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>>517 Part of the reason to use a limited palette is so you don't fuck up and start going crazy with chroma. When you introduce a high chroma color, it's very easy for your other colors to slide towards that chromatic color and everything ends up oversaturated around one hue. It sounds very basic but when you introduce a chromatic color, find nuances of it where it's cooled off by other colors and keep in mind where the cooler/grayer colors in the overall picture are to knock things back a bit. As an example, here's a digital doodle I made a while back where I was trying crunch down my values and instead play a lot with broken color. Notice how every time a color is introduced it's cooled off by another color. Green is cooled off by purple and vice versa. If you don't pay attention to the other side of the color spectrum, it's very easy for your painting to slide to one color or becoming over-chromatic. If you're doing things traditionally, spend time at your palette and make sure you have a range of high and low chromatic colors already mixed up because colors can slide even more when brush-mixing. In general I find it way easier to get good colors out of oil paint but maybe I just have a knack for it. Have several of the same brush when working so the brush with cad red in it doesn't have to pollute your white or something like that. If you want to learn about color, the best book I've found is "Oil Painting Techniques and Materials" by Harold Speed. It actually talks about color in a meaningful way unlike Gurney or whoever.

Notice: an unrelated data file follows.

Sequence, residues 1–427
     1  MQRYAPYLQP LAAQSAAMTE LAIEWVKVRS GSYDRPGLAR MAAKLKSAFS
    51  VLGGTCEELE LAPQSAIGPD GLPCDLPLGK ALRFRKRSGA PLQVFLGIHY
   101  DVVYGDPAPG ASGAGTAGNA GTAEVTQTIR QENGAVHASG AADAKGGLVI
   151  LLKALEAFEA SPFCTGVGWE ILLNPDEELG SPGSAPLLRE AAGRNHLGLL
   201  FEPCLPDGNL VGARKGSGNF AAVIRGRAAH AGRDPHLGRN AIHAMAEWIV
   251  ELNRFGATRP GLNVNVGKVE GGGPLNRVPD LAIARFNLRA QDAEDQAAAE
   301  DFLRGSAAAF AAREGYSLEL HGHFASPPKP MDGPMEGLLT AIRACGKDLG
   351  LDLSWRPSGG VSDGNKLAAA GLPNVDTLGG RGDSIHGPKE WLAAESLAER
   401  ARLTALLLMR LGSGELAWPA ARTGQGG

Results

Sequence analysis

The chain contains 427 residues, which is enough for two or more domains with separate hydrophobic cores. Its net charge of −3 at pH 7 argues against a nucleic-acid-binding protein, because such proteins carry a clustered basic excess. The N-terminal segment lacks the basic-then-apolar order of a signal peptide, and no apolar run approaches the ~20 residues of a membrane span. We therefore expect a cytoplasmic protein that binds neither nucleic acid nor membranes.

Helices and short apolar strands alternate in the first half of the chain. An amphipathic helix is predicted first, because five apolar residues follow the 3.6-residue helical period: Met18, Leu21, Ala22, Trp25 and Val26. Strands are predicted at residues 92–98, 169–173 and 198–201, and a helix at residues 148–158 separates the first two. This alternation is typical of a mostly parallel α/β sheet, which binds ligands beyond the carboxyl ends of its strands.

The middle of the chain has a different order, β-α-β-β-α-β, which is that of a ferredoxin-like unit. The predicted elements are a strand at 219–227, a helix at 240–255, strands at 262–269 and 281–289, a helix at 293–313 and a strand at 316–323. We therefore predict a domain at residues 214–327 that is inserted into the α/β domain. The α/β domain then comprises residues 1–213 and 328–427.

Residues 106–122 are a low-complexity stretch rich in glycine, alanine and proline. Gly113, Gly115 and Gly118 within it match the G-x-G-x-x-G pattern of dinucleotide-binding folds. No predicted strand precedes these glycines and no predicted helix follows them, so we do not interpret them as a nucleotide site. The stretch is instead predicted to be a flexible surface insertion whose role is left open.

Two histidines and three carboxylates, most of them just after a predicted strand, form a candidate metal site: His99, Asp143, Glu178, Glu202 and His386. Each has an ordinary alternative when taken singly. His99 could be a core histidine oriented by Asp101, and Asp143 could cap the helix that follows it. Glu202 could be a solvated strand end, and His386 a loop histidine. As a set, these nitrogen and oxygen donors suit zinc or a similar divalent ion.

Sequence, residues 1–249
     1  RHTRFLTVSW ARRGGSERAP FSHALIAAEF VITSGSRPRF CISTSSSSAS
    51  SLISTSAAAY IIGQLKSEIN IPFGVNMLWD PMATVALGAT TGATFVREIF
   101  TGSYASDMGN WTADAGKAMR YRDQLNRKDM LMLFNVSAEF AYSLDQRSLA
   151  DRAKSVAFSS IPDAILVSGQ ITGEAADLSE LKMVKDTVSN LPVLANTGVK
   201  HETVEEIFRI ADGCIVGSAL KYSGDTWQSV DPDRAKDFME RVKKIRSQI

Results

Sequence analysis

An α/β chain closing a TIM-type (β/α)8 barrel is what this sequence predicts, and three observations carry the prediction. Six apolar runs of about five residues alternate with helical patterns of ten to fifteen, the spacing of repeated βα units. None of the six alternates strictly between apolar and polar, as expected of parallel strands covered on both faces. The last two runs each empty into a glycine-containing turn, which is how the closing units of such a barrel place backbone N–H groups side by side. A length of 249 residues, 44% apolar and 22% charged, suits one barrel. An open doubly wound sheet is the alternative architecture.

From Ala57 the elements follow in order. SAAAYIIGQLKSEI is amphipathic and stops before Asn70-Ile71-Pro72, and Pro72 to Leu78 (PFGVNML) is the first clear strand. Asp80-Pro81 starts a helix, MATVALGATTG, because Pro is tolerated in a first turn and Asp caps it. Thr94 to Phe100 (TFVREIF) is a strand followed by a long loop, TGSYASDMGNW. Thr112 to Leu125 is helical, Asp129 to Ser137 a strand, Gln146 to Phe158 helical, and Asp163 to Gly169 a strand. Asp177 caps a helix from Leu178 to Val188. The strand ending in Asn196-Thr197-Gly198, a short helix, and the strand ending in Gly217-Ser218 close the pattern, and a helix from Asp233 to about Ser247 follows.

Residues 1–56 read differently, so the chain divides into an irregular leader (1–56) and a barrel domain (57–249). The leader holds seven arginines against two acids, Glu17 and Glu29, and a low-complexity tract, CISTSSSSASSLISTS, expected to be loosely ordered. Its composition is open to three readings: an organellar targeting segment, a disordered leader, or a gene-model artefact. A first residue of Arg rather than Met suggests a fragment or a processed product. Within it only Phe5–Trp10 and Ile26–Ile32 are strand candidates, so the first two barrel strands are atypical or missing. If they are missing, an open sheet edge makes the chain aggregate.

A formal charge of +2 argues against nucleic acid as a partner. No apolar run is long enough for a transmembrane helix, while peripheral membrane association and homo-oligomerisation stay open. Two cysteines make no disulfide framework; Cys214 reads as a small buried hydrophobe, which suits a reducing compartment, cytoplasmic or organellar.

>>617 >Harold Speed Welcome back Atelierfella. Are his words alone on the subject easy to follow? IIRC his book you recommended in the past (https://archive.org/details/practicescienceo00speerich) is in black and white and I've always wondered how that translates into teaching the subject of color specifically, I still haven't really started getting into color much yet anyway but I'm just curious if it translates well. I've seen that he's got great material on values though.
>>618 I guess I didn't entertain the idea that his other book could be in color (but his books are so old I can't imagine that being the case even if I were better able to track it down. REE!)
Edited last time by loomis on 10/22/2020 (Thu) 15:55:56.
>>617 I really like the smooth, slick look of those rock formations by the way; some of the subtler details of the figure-like their waist area for example-are detly captured as well. Good work!
Edited last time by loomis on 10/22/2020 (Thu) 16:00:57.